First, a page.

Global high-yield credits performed very well this year in the midst of the pandemic and are likely to continue providing good investment opportunities despite the volatility and negative headlines expected to persist in 2022.
The reason is that relatively healthy single B-rated issuers have exhibited resilience during the pandemic as attested to by the very low default rates in the sector.
In addition, single-B credit can be a hedge against duration risk with its shorter maturities offering some protection against interest rate hikes that may come in 2022. The asset class also provides more secured credit at the lower end of the spectrum, which can be an insurance policy of sorts for investors.
“We certainly don’t see any spike in defaults arising as a result of the various issues that could come to pass mainly because we think governments will be relatively controlled, and companies are very well capitalized, and consumers generally speaking are in a pretty decent place, and they’ve got money to spend, and they will continue to spend it,” says Martin Horne, head of global public fixed income at Barings. The firm's global fixed-income business has about US$225 billion in assets under management.
Companies saw strong demand in 2021, compared with 2020 when waves of lockdowns completely disrupted the global economy, Horne tells The Asset in an interview.
This strong demand has translated into quick recovery and good performance for many companies, particularly those in the cyclical sector. However, on the negative side, this has aggravated supply-chain disruptions as companies struggled to produce enough products to meet the resurgence in demand.
The auto sector, for example, couldn’t produce enough to meet the strong demand because of the shortage in computer chips. “Now it’s a really odd situation for a cyclical sector because they can sell anything that they make right now, they just can’t make enough. Normally, when you’re worried about more cyclical-orientated industries, you’re worried about the downside of the demand curve. Here, demand is absolutely, rigidly high, it’s just that they can’t make enough of the product,” Horne says.
Moreover, single-B companies, in general, have issued record levels of debt in 2021 to beef up their capitalization and take advantage of the low interest rates with the expectation that this could change as central banks begin to raise their base rates again.
This has resulted in well-capitalized companies that are financially stronger despite the uncertainties arising from the pandemic. “These businesses are extremely well-capitalized, although there are lots of negative headlines around the world,” he says.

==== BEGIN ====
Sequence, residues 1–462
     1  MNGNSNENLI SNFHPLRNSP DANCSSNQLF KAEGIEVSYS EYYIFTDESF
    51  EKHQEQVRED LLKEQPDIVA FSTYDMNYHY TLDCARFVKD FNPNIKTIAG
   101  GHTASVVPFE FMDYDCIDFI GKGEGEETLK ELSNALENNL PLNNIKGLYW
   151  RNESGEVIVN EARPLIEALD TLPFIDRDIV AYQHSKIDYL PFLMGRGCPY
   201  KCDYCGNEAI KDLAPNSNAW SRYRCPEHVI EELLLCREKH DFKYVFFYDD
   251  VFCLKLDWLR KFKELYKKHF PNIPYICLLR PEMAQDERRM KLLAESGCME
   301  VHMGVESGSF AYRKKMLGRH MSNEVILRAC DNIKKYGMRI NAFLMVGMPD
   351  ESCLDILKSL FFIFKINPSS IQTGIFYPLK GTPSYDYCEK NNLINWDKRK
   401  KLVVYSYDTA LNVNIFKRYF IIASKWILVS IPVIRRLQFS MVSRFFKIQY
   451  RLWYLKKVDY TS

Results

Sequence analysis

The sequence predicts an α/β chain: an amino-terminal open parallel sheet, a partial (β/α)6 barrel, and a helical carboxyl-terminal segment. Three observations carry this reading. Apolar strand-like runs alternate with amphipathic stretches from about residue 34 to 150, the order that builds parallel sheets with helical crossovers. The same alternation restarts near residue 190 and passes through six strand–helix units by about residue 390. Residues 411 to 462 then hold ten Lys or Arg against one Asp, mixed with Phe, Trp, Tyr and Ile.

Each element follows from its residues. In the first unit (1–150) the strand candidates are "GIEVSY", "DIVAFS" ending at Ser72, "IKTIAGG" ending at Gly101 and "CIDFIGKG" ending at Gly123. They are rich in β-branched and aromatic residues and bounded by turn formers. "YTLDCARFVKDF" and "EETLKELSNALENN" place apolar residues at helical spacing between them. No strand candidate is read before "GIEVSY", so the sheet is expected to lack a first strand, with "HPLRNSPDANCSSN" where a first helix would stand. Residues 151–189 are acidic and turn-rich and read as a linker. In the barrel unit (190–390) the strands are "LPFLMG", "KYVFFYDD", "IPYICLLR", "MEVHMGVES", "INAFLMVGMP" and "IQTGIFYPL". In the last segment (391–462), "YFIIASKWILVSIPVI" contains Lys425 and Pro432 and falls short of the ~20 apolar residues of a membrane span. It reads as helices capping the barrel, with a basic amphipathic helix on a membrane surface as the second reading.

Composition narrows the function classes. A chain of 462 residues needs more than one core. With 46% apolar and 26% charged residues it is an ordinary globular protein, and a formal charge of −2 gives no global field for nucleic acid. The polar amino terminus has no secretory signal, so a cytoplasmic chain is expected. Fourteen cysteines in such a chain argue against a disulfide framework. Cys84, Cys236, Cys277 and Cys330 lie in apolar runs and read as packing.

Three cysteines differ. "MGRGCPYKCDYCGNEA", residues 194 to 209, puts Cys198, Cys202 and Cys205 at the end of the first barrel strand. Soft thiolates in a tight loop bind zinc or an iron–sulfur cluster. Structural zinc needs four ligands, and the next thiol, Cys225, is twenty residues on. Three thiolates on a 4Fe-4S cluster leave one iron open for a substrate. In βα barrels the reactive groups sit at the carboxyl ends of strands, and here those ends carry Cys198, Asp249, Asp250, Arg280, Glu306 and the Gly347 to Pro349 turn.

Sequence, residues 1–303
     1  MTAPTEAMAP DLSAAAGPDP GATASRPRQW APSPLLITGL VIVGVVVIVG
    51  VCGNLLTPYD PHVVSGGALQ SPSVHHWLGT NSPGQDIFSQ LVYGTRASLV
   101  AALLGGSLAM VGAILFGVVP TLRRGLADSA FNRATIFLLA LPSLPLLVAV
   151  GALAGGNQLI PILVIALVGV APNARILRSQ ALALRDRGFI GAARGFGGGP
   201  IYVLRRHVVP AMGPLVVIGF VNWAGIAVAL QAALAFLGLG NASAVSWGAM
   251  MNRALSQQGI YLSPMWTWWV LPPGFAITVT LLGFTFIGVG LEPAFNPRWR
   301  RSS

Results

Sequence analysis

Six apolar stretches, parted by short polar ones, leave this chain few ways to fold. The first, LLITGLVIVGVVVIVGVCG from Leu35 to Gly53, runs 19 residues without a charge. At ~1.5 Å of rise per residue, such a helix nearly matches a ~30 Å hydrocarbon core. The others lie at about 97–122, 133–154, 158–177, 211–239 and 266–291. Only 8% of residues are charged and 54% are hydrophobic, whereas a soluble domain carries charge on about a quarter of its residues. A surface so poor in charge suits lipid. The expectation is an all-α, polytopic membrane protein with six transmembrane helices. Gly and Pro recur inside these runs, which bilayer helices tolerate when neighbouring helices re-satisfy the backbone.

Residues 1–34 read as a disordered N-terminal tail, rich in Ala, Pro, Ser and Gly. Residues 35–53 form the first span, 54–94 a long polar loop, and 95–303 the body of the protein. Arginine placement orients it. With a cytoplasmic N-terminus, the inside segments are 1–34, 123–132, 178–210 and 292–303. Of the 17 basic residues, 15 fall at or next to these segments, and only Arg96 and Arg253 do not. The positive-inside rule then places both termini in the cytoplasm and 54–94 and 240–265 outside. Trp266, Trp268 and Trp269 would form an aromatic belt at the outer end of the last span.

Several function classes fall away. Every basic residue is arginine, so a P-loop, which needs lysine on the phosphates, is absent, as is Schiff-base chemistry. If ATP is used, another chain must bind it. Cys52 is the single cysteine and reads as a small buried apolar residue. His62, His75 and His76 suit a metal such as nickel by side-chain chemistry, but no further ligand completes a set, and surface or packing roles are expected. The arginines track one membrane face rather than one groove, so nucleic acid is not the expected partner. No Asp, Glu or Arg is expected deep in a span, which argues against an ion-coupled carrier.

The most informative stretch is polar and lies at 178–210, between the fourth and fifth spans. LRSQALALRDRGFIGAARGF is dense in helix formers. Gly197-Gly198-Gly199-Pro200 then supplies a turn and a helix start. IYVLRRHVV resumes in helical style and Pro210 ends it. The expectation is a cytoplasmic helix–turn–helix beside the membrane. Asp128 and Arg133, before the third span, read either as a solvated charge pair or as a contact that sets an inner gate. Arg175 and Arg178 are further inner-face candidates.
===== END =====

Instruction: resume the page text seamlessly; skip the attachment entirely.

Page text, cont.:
Thirdly, the pandemic is now at a different stage as the global vaccination efforts have been relatively successful, and this helps well-capitalized businesses position themselves better despite any further disruptions that may arise.
On the risk of rising inflation, Horne argues that the current inflation is rooted in supply-chain disruptions triggered by the pandemic. Unlike traditional inflation, this pandemic-induced inflation cannot be alleviated by central bank monetary policy.
“Inflation is a major risk but it’s a risk that the market is set to absorb. It’s not classic inflation in the way that it’s always been generated. It starts with supply-side dynamics and the supply-chain issues that are ongoing. Also, there’s a people supply-side issue. That means wages are rising in line. But if the end consumer is wealthier and can absorb the price rises, actually the risk should be manageable,” Horne says.
Investors can find opportunities in the high-yield sector, particular those based on Single-B credit assets.
“There are plenty of short-duration strategies around investment grade for those that want to stay up in the quality. That provides investors with insulation in a rising-interest-rate environment and those types of strategies are likely to see inflows as we manage the way through the headlines. Some of the inflation-resistant strategies are going to prove the most popular,” Horne says.
There are still opportunities in the Chinese property sector, despite renewed default fears over Evergrande. “At the height of the Evergrande concerns, some really good-quality Chinese property names are offering you about 1100bps, 1200 bps over [the benchmark], which is more than you got in Lehman’s,” Horne says.
Investors who are worried about interest rates can move to variable rate products such as loans, structured credit, and some mortgaged-backed securities which give a better coupon as interest rates rise.